Previous research explains the puzzle of high savings rate in China mainly based on competitive savings motive with sex ration imbalance. This paper considers the natural event of children marriage as a treatment variable, identifies the "marriage effect" by comparing differences in savings between families with married son and families with unmarried son, and provides competitive savings motive theory and the puzzle of high savings rates in Chinese families with micro basic evidence. The empirical results show that after controlling individual and family characteristics, savings rates of families with unmarried son are significantly higher compared with families with married son. After considering problems of regional differences, educational savings motive, precautionary savings motive and sample selection, the result that savings rates of families with unmarried son are significantly higher compared with families with married son still remain robust. Further studies identify rural-urban heterogeneous marriage effect and changes in consumption structure of families with married son. It finds that the marriage effect has influences on savings rates of families with different income levels, and is a more primary factor suppressing consumption in low-income families. Results revealed in this paper enrich the competitive savings motive theory in marriage market.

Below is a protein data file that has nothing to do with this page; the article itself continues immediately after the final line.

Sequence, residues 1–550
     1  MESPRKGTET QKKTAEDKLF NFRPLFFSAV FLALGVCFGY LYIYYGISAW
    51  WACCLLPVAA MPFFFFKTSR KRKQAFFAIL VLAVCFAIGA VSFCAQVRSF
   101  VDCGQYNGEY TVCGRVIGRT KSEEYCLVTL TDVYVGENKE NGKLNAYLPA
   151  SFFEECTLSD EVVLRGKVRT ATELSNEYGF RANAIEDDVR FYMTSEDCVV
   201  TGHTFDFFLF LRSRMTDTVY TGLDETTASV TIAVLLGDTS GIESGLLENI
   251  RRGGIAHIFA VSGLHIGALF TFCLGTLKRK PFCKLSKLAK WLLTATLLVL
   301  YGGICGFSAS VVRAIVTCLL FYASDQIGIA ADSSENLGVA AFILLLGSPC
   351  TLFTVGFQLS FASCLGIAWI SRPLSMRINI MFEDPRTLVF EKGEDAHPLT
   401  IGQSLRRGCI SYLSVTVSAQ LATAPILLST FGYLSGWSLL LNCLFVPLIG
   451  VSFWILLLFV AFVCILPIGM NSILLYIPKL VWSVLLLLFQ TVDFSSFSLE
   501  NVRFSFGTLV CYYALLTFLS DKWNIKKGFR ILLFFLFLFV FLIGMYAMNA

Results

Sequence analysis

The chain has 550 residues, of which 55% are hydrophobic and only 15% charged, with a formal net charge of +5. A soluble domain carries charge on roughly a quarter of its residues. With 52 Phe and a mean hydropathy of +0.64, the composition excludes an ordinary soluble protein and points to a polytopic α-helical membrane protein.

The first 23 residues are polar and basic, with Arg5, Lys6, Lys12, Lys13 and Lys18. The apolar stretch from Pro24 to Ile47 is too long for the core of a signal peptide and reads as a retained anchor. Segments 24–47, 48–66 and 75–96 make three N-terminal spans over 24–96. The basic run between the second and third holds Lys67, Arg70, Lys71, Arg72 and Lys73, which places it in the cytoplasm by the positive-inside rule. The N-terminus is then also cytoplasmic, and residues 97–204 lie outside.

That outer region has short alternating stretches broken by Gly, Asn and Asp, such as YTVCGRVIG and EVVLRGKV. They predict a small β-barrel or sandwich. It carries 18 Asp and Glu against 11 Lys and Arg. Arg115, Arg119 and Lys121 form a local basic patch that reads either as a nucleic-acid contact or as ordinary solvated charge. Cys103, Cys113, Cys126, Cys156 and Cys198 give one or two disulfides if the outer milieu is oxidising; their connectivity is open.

Save for Marriage? Empirical Evidence from CFPS Data
Journal of Finance and Economics Vol. 43, Issue 06, pp. 17 - 27 (2017) DOI:10.16538/j.cnki.jfe.2017.06.002
Cite this article
Yu Litian, Lian Hongquan. Save for Marriage? Empirical Evidence from CFPS Data[J]. Journal of Finance and Economics, 2017, 43(6): 17–27.